Server Fault is a question and answer site for system and network administrators. Join them; it only takes a minute:

Sign up
Here's how it works:
  1. Anybody can ask a question
  2. Anybody can answer
  3. The best answers are voted up and rise to the top

I haven't had much to do with digital certificates. A 3rd part company is requesting that we setup a secure email link using a digital certificate. I have narrowed it down to using a 'Digital ID for Secure Email' from VeriSign. The 3rd party company has a digital certificate that I can download, but I don't know what it's for.

In the 'instructions' that they have sent me, the 2nd step is to "Apply for a personal S/MIME certificate from a trust center and assign is to your e-mail account in the corresponding options of the e-mail software you use."

We are running Windows Server 2003 with Exchange 2003 as well. Any help with this would be greatly appreciated.

share|improve this question
up vote 2 down vote accepted

There are several S/MIME personal certificate providers. Unfortunately the largest free certificate issue also trusted by most clients shuts down that service effective today.

S/MIME certificates are not something that installed on the server side, but on the client side. They're generally not compatible with webmail (although OWA Premium on IE has a ActiveX module, but it still runs on the client). You'll want to install the certificate in Outlook or whichever email program being used.

CAcert (free certificates but not yet trusted by default in most email clients) provides some basic instructions for installing certificates in many clients at and also a FAQ on Email Certificates linked from that page.

share|improve this answer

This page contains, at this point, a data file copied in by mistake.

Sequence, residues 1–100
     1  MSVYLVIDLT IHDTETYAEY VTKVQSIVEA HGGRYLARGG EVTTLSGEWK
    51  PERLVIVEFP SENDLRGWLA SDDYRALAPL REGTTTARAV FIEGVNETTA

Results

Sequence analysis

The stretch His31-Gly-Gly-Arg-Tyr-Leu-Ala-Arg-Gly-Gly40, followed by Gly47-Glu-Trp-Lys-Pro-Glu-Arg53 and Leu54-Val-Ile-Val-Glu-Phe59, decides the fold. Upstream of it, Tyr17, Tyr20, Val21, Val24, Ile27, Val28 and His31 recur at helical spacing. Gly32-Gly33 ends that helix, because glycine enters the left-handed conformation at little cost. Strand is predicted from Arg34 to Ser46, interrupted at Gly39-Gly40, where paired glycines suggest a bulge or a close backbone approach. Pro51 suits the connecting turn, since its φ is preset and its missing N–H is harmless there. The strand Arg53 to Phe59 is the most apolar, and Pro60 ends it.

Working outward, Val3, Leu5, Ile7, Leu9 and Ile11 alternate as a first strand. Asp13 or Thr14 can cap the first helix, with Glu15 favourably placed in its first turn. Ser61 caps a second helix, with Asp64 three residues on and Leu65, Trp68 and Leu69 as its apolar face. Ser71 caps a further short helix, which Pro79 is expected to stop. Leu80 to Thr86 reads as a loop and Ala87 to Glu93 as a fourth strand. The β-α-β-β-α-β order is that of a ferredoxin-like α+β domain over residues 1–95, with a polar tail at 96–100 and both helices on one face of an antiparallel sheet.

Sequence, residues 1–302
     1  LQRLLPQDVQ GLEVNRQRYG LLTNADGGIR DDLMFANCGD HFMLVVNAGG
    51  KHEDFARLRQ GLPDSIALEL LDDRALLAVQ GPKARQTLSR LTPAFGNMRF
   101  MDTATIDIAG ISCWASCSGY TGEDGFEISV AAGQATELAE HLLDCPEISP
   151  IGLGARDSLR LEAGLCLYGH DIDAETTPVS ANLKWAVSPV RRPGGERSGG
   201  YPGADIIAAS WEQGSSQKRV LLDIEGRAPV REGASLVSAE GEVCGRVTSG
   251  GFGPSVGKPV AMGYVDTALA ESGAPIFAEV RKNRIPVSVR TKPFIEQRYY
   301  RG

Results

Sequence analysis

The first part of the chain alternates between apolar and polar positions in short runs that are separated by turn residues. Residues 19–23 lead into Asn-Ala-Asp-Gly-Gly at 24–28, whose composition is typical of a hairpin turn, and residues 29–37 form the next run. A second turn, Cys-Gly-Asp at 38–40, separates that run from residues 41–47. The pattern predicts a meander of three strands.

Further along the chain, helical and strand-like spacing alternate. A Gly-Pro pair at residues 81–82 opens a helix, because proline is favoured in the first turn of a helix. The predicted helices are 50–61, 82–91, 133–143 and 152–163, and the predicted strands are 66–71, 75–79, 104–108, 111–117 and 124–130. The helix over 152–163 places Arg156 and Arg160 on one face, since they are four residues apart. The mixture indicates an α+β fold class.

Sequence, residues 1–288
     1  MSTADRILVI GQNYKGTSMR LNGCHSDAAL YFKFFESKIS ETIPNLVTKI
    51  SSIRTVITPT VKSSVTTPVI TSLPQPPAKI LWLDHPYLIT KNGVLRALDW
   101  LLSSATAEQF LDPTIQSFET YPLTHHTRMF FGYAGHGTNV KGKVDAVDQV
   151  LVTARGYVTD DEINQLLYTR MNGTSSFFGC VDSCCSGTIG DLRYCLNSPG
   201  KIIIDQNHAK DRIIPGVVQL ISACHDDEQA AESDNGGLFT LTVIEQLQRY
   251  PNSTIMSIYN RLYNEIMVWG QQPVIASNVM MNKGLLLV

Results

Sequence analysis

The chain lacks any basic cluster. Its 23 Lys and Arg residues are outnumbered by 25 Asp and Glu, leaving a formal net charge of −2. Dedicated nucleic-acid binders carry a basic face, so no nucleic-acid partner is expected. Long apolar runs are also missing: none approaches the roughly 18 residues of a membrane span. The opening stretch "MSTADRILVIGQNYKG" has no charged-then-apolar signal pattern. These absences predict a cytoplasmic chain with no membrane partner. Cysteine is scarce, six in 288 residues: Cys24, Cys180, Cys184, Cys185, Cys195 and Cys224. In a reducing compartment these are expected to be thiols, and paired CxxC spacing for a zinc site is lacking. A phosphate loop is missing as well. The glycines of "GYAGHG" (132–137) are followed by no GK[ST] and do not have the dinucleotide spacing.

From this line "Apply for a personal S/MIME certificate " it sounds like they want to be able to encrypt the email they are sending you and for you to encrypt the email you send to them.

So read up on PKI on wikipedia. From there when you get your certificate, you'll get the public key and the private key. You digitally sign your first email to them, this will send them your public key. They now have your public key. With this they can now use that to encrypt email they send to you. When you get the email from them, Outlook will use your private key to decrpyt the email that was encrypted by them with your public key. When you send them an email it works in reverse, you will use their public key to encrypt the email and they can then decrypt it with their private key. Remember this, the public key will encrypt the email. The private key will decrypt the email.

I'd suggest getting 2 of these (maybe for a co-worker as well) and send emails some back and forth between yourselves first to see how it all comes together.

share|improve this answer

Your Answer


By posting your answer, you agree to the privacy policy and terms of service.

Not the answer you're looking for? Browse other questions tagged or ask your own question.